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The Globe and Mail (March 13, 1999)
by H.J. Kirchhoff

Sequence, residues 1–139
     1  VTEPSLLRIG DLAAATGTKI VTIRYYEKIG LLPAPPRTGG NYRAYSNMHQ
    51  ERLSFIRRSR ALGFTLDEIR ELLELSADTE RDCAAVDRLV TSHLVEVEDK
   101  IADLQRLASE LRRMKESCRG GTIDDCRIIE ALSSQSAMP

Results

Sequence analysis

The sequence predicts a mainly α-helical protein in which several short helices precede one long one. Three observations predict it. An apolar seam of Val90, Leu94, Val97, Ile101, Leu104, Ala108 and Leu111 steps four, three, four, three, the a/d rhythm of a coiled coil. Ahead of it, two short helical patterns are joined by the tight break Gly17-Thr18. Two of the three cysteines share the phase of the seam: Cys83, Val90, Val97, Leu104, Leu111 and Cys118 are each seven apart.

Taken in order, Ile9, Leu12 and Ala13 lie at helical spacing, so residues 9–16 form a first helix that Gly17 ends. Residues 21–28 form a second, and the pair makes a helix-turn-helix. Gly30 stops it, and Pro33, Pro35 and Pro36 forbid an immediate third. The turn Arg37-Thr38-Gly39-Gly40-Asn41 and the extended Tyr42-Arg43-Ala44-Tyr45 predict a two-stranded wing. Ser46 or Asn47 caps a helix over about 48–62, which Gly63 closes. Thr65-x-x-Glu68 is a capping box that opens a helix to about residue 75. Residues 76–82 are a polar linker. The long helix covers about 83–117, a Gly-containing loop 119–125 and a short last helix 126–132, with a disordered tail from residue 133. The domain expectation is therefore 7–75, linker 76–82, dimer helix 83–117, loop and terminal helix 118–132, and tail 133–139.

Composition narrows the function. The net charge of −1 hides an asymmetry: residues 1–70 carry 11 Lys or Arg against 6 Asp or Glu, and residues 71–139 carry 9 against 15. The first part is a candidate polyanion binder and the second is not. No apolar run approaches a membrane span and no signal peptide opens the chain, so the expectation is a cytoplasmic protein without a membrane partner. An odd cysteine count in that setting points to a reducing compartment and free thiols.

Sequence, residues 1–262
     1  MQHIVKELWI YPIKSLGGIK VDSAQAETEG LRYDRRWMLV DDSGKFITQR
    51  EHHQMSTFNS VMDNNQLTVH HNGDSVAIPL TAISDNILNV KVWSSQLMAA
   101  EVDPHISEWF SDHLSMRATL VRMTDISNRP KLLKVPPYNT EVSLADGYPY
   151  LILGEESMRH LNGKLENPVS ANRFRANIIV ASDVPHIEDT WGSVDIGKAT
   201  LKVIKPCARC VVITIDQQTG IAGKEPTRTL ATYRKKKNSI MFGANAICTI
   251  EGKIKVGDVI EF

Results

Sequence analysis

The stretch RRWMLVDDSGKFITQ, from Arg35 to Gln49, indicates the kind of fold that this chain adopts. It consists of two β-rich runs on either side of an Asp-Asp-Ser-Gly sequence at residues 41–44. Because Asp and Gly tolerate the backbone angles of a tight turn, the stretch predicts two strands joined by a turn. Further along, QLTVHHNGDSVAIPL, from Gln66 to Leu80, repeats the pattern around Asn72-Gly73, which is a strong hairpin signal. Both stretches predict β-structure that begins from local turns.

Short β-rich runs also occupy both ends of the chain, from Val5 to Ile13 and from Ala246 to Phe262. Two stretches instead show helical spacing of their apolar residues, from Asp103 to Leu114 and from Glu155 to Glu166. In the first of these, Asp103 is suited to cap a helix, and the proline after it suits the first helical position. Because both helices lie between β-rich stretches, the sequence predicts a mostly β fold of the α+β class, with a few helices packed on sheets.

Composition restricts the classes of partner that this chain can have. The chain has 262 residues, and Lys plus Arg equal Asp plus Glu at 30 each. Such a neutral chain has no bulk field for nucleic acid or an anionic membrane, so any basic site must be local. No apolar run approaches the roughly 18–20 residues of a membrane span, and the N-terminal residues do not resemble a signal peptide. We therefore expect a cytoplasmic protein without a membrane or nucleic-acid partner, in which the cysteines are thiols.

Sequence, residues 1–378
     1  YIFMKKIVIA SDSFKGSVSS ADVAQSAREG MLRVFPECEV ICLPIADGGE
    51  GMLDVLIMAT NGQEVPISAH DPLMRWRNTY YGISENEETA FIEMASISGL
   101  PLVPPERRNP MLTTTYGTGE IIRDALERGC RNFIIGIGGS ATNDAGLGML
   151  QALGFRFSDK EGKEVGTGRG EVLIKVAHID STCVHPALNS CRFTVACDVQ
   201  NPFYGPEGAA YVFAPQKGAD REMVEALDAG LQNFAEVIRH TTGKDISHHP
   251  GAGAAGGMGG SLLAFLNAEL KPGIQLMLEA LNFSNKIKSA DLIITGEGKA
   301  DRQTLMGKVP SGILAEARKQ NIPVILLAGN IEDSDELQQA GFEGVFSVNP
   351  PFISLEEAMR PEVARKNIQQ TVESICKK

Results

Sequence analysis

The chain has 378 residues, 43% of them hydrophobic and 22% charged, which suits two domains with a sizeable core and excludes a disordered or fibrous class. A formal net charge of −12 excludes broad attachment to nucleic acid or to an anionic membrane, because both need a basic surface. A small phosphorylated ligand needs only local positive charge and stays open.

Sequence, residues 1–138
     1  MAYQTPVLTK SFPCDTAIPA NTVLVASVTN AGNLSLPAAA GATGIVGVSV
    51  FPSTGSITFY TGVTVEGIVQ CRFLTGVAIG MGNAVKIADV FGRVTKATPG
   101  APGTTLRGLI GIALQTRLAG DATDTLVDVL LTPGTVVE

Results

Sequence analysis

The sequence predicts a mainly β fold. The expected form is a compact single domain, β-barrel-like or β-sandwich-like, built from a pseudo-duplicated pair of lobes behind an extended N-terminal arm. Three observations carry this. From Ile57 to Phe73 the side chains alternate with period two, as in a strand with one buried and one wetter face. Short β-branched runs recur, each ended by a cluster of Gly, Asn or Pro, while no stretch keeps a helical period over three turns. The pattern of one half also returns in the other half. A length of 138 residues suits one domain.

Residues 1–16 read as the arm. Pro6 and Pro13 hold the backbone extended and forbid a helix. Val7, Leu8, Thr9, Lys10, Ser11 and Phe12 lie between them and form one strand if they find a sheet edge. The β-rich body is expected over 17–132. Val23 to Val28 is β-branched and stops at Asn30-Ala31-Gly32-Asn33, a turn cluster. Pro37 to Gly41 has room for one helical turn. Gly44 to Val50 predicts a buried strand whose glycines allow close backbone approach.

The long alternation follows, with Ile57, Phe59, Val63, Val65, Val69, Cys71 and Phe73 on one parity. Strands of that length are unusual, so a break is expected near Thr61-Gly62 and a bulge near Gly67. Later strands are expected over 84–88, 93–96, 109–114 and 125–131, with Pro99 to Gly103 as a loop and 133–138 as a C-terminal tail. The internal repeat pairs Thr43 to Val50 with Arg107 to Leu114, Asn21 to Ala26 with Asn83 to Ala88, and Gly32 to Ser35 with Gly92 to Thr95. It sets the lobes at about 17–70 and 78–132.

With the publication of his first novel, Generation X, Vancouver writer Douglas Coupland became something of a literary guru for the now-thirtysomething demographic group that became associated with that book's title. In Girlfriend in a Coma, his seventh novel, he is still dealing with that generation's alienation, disaffection and ennui, but this time he takes more chances with plot and character. It's a dark, cold night in December, 1979, and 17-year-old Karen Ann McNeil has just made love for the first time with her boyfriend, Richard, after which the two discuss the possibilities for the future. Within hours, Karen has lapsed into a coma, possibly caused by combining pills and booze, possibly for some more metaphysical reason. Nine months later, her daughter Megan is born, but Karen stays unconscious -- or is she, really? -- for 18 years. Her friends break up, move away, return and come back together, and when she awakens, in 1997, she becomes something of a guru herself. Coupland articulates the anxieties and concerns of a generation, and he deserves to be read for that if nothing else.